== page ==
Levels 30-34: queues, servers and what Trion are doing about it
In each update I’ve done to this review in progress, I’ve always prefaced them with how the servers coping with the ArcheAge launch. In my latest one, I was a bit optimistic that things were improving.
The fact of the matter is: they’re not.
As you can see from my leveling progress, I didn’t get to play much last night. Even though I paid money for a Founders pack, and even though I’m technically a “Patron” which entitles me to a faster queue to get onto the server, I was stuck in a queue for hours. Five hours to be exact, and there are some people with even longer queue times.
This was my screen at 13:00 BST today. You’d think a lot of people would still be at work until the evening, but this hasn’t stopped every server from spilling their population over to mammoth-sized queues. I’m writing this nearly two hours later, and the queue has just barely dipped under 2000. And remember: this is supposed to be the fast queue.
But actually, I’m not quite sure if I am classed as a paying Patron. Since the maintenance on Wednesday night, a lot of people on EU servers who were Patrons incorrectly lost that privilege. This also means we lost benefits such as property placement, auction listings and more importantly, Labour regeneration. Since free-to-play players cannot exceed 2000 Labour, for those of us over that amount and afflicted with this error, it’s effectively been frozen. I’ve lost around 3000 Labour points now, which is a lot of missed gathering, farming and crafting.
— ArcheAge (@ArcheAge) September 19, 2014
So the big question is: what are Trion doing about it? Well we’re getting more servers, which is a good thing, but it’s not going to solve the issue straight away. ArcheAge is a game about dominance and progression: players aren’t going to jump ship to a new server if they have the slightest bit of investment on another. And they can’t transfer either, a service which is supposedly coming in the near future.
They’ve also taken a stance on people AFK in-game. Naturally, people don’t want to log out due to the queues, so they run around in circles on their mounts or find a quiet spot to periodically become in active. While I can fully understand their motives, they take up spots for people actually wanting to play. Trion are now “aggressively sweeping AFKers, even manually when needed”, but It doesn’t appear to have a massive impact on queues lately.
But lets take a step back for a second and evaluate things from Trion’s point of view. The last thing they want is to add more servers than they need. You’ve probably seen this happen in a lot of MMOs as of late, and they always lead to the same result: server merges aka “Mega Servers”.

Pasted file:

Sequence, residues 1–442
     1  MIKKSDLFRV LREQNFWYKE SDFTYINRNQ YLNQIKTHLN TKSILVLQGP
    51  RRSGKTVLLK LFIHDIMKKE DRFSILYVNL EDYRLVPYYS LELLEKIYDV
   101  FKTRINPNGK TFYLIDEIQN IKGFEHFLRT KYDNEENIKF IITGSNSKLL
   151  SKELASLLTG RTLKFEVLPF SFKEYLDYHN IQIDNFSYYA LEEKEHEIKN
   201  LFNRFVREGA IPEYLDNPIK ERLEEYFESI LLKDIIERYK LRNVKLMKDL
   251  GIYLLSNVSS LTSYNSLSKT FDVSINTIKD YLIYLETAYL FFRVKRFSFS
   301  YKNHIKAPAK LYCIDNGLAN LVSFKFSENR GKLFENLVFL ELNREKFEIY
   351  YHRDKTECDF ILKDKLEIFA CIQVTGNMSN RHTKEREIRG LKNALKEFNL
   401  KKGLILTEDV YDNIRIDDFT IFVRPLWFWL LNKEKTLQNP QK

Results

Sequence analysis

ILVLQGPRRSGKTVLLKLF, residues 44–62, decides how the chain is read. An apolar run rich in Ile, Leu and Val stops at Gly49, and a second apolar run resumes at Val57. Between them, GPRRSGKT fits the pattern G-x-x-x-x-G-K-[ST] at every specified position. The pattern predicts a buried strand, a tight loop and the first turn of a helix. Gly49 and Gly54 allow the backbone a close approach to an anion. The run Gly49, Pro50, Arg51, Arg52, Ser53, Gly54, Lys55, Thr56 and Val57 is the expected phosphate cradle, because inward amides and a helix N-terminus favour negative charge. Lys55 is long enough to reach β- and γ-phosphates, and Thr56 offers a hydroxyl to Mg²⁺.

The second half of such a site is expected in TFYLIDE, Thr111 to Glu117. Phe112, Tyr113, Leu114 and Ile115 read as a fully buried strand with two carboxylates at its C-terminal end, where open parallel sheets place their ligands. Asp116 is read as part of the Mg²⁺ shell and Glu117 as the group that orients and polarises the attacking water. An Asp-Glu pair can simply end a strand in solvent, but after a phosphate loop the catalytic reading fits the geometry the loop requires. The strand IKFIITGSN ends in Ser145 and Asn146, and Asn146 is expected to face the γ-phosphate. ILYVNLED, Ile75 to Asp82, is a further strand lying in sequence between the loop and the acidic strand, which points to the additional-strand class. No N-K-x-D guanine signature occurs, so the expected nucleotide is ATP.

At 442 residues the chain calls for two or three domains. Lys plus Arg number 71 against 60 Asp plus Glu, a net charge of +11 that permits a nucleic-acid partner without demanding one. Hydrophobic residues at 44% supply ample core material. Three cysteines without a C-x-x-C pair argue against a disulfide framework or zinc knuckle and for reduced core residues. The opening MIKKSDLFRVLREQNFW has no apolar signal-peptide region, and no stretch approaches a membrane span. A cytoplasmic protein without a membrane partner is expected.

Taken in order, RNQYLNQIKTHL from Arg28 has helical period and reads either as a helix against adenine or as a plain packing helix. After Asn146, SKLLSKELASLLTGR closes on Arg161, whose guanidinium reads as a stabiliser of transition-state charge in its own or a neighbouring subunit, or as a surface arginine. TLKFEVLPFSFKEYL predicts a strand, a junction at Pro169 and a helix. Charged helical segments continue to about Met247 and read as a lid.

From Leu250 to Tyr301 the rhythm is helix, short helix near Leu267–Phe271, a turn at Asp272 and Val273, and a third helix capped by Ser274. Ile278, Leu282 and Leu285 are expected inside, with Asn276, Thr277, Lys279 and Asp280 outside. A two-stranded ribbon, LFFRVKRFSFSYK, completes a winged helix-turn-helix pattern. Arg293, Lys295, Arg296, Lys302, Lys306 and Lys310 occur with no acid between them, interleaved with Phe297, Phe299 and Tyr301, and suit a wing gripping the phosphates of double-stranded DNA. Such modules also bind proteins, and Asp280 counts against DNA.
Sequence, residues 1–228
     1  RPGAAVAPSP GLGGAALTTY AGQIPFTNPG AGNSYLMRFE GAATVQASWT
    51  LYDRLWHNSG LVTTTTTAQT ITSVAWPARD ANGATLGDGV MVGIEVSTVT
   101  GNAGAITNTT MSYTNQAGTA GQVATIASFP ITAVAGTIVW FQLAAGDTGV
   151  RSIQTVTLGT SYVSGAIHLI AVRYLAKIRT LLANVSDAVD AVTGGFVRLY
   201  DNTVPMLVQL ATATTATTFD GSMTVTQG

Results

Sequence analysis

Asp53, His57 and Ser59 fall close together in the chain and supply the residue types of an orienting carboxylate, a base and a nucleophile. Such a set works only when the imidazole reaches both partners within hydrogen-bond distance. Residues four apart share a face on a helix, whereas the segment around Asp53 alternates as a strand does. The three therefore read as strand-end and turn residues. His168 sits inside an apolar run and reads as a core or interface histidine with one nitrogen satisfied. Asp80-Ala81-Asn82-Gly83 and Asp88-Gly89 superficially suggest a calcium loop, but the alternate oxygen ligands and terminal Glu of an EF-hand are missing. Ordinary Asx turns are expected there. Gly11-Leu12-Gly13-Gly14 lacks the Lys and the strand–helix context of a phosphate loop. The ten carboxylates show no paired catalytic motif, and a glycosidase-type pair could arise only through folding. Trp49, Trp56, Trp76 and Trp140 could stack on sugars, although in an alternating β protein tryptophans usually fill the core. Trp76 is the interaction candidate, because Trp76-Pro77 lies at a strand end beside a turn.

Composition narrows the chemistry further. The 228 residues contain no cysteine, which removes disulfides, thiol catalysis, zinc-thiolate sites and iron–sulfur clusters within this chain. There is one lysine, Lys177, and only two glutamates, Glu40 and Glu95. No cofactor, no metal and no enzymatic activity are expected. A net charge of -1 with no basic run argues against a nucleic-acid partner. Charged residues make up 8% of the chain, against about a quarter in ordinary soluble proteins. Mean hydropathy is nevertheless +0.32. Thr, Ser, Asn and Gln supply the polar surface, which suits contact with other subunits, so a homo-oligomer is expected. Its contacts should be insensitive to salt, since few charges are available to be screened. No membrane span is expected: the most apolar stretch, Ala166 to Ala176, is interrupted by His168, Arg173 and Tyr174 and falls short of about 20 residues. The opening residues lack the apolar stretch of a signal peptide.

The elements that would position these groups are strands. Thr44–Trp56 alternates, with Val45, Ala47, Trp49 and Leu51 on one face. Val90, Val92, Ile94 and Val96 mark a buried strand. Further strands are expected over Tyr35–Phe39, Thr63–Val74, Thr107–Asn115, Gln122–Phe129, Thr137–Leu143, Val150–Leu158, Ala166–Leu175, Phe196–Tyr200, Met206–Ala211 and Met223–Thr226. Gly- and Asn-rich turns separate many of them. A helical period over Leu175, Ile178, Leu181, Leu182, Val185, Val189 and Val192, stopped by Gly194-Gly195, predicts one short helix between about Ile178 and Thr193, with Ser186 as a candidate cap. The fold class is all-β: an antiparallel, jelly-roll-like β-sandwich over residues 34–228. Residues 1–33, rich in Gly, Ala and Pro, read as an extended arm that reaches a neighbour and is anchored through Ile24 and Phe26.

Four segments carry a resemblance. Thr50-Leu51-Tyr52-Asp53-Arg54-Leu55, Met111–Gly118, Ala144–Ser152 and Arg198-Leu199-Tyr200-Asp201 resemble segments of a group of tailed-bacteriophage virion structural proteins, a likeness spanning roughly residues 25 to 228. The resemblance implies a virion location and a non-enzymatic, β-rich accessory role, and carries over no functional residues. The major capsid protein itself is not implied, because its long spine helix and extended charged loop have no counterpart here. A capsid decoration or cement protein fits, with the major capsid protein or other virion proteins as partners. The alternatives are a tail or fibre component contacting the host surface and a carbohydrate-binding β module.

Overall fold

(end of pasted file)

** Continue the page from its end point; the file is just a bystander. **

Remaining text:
In ArcheAge, this is actually something that must be avoided at all costs. Why? Well in ArcheAge, players can own plots of land; some of it more valuable than others. It would nearly be impossible to merge two or more servers together while keeping everyone’s property intact. This isn’t even considering how much of a costly operation this is to undertake. In a game where player content is the primary driving force, underpopulated servers could seriously hamper the experience.
However, these is currently the main issues present within ArcheAge right now:
- Patrons are looking at 5 hour+ queues, while free-to-play players are looking at even longer.
- Players who have purchased Patron are largely unable to play the game in an acceptable time. Those who work 9-5 jobs are lucky at all to play at all before they need to go to bed.
- Some Patrons are currently missing their subscriber entitlements, resulting in longer queues and loss of Labour within the game.
While a lot of these issues extend to free-to-play players, we cannot ignore the fact that subscribers have already paid money to play ArcheAge, and are unable to for the large part. Trion will probably need to sort out some sort of compensation for these players, as it’s simply not acceptable.
As you can read from review in progress, I’ve actually been really getting into ArcheAge and all of its sandbox goodness. But until these server issues are fixed, I’m more than likely going to need to alter my sleep schedule to finish this review. And nobody wants that. Check back tomorrow when I’ve hopefully got nicer things to say about my daring trade run and questing in PVP areas. Until then, why not check out my inital impressions of being arrested and put on trial; the jury asked me to get naked.